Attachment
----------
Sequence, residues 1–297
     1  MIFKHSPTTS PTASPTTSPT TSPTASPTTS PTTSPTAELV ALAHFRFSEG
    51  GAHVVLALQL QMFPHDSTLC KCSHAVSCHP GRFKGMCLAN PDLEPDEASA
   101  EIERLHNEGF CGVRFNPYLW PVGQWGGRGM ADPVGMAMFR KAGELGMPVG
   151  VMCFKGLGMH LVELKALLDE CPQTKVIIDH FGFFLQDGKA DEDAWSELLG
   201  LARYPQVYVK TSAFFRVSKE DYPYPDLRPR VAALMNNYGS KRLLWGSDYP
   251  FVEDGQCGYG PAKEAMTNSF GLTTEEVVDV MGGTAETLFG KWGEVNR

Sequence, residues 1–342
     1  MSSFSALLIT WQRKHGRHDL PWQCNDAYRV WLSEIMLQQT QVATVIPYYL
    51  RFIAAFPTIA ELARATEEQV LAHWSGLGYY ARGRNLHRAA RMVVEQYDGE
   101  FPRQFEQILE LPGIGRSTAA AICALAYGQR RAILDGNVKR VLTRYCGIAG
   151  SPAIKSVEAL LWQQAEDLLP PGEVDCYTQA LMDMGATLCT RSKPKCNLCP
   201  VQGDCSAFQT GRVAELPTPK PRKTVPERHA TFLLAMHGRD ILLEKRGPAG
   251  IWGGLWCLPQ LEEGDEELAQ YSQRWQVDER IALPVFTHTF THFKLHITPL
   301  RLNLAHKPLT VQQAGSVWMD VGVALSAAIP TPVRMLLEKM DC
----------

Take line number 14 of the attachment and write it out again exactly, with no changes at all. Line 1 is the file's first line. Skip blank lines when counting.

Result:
   251  IWGGLWCLPQ LEEGDEELAQ YSQRWQVDER IALPVFTHTF THFKLHITPL